I think I looked at it from that perspective. I know I will be interacting with other people who are affected by this repositioning who may not be happy and I may find that there are issues that affect the way we do business. I would hope, as Stuart has said, if we find over time that things aren't working right, that people are being adversely impacted, that we could go back and actually make some changes and I hope that we could do that. That's all I really have to say. Thank you.

CHAIR DOMINGUEZ: Thank you. Thank you, Commissioner.

At this point is there a motion to approve the modification of EEOC Order 120 as it relates to the boundaries of the Baltimore Field Office?


CHAIR DOMINGUEZ: Is there a second?


CHAIR DOMINGUEZ: Any discussion?

COMMISSIONER ISHIMARU: Madam Chair, I have one sentence that I would like to read from the letter that you graciously allowed to go into the record from Senators Kennedy and Mikulski. It goes back to my last colloquy with Nick about whether this satisfies the concerns of the Appropriations Committee.

The sentence is this. It talked about the changes we were supposed to vote on in December. It says, "The potential modification in the plan [meaning the plan to Maryland] does not address concerns we raised about downgrading the Baltimore office from a district office to a field office. We remain concerned that downgrading district offices impacts the Commission's ability to effectively enforce civil rights laws." That's in the letter and it's a part of the record so I'll stop there. Thank you, Madam Chair.

CHAIR DOMINGUEZ: No further discussion? All right. We're ready to vote. All those in favor, please say aye.

ALL: Aye.

CHAIR DOMINGUEZ: Opposed? The vote -- did I hear right? The vote --

COMMISSIONER ISHIMARU: We could do a roll call, Madam Chair. That might be fun.

CHAIR DOMINGUEZ: Let's do a roll call; just make sure I get it on the record. I vote yes. Madam Vice Chair?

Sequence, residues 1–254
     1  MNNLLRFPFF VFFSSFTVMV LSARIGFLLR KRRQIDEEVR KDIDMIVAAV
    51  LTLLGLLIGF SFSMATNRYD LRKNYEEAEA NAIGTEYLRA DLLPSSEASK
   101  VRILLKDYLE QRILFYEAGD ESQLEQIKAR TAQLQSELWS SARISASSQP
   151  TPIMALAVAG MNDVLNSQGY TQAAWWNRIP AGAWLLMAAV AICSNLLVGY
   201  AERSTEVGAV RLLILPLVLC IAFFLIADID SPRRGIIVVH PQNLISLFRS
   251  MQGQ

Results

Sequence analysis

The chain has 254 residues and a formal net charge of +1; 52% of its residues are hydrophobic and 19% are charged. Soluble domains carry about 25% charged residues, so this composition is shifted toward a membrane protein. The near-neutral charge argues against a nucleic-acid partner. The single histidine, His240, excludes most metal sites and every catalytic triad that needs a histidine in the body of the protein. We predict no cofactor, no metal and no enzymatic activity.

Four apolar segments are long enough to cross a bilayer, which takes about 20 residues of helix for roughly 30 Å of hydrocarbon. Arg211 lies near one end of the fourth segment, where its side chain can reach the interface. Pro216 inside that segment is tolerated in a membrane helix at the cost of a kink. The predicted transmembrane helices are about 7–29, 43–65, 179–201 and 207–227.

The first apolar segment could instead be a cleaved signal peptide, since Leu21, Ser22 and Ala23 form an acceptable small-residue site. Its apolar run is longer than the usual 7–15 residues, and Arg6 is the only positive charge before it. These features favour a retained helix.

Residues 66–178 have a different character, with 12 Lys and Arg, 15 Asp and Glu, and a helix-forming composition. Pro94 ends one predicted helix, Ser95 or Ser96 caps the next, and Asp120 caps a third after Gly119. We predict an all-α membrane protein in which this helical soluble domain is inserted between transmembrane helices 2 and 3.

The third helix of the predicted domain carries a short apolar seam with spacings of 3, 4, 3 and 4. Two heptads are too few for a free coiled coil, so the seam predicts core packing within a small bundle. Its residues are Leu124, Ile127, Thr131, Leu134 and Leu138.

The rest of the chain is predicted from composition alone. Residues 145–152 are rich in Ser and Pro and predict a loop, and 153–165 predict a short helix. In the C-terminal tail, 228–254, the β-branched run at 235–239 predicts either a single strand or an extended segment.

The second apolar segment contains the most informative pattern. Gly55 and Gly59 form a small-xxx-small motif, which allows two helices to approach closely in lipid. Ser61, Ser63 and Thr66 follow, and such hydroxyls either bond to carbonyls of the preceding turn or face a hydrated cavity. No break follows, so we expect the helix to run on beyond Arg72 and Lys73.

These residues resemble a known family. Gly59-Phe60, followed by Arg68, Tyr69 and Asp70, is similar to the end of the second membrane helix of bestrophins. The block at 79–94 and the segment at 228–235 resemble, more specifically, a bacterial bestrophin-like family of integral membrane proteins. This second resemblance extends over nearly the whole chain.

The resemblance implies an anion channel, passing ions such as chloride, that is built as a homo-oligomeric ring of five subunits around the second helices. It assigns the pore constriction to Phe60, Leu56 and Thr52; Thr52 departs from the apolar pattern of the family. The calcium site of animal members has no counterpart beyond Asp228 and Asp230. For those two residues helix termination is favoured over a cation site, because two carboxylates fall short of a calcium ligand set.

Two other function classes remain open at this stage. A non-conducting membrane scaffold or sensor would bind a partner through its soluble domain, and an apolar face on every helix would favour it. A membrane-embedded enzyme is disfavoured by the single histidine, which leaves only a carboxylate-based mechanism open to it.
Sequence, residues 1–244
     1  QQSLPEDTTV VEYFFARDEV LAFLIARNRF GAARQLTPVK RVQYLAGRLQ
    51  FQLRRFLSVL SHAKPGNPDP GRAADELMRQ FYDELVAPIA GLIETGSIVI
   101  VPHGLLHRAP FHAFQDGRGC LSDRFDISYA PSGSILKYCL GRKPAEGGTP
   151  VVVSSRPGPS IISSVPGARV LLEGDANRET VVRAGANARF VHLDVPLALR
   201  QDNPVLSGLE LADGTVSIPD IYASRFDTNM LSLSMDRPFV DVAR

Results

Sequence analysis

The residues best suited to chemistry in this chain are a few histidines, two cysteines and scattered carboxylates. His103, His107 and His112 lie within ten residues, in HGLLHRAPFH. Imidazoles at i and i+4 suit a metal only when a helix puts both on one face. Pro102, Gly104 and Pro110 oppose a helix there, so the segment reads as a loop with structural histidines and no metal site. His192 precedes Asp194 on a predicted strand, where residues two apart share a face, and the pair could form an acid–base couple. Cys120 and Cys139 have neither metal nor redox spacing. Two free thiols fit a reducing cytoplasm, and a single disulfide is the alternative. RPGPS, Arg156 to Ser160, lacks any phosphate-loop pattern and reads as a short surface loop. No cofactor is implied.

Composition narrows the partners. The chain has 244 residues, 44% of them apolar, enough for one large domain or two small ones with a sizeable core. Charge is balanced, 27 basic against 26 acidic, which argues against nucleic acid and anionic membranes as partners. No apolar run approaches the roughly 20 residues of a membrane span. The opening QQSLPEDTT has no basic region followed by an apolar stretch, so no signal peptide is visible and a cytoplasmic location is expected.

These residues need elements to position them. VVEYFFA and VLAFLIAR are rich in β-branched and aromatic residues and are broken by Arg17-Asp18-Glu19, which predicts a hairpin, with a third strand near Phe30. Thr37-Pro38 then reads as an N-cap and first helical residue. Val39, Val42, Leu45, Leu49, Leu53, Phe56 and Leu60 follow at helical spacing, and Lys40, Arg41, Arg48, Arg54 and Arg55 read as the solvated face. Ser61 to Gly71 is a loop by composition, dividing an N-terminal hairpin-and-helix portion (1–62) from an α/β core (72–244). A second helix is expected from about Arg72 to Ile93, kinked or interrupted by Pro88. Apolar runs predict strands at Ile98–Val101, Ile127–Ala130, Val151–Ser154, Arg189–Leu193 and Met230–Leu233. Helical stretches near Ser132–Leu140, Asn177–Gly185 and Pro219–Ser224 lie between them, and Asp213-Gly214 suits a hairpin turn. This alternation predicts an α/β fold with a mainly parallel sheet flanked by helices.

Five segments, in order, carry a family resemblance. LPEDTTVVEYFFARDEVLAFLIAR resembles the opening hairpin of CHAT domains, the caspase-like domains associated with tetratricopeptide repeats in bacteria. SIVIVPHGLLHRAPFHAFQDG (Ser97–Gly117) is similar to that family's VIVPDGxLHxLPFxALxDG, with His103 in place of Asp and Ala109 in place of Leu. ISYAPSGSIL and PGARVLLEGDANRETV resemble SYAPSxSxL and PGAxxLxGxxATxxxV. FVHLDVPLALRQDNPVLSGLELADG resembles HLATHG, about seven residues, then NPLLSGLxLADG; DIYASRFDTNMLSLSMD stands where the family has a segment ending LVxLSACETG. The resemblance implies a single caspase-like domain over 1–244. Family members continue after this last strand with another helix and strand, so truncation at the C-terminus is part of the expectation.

VICE CHAIR EARP: I vote yes.

CHAIR DOMINGUEZ: Commissioner Silverman?


CHAIR DOMINGUEZ: Commissioner Ishimaru?

COMMISSIONER ISHIMARU: I vote yes without reservation.

CHAIR DOMINGUEZ: Commissioner Griffin?


CHAIR DOMINGUEZ: What a way to start the year, with a five-zero vote. The ayes have it.

I want to thank everyone. I also want to echo the words of Commissioner Ishimaru when we first started this meeting. You know, my parents had two different religions and they both agreed on the final destination but how to get to heaven was a matter of great, great, animated discussion in my family because the manner of traveling to get there, they both had different points of view.

And I think it's very evident that we are all driven by our shared goal of really doing the very best that we possibly can, each and every one of us, for the Commission. I have never been one to say, hey, you know, we tried this, we did the very best but we need to adjust our course and go in a different direction. And I think that is what the Kaizen concept of continuous improvement is all about.

So I know that my fellow Commissioners share that commitment of looking at what's working and always trying to continue to improve doing the very best that we can for the people that we serve. So thank you very much. The meeting is now -- well, any further business? Let me just say that. Do I hear a motion to adjourn the meeting?



CHAIR DOMINGUEZ: All right. All in favor?

ALL: Aye.

CHAIR DOMINGUEZ: Opposed? The ayes have it and the motion is carried. Thank you very much, Nick. I'm so excited we have a five-zero vote that I forget all these things. But the meeting is adjourned.

(Whereupon, at 2:34 p.m. the meeting was adjourned.)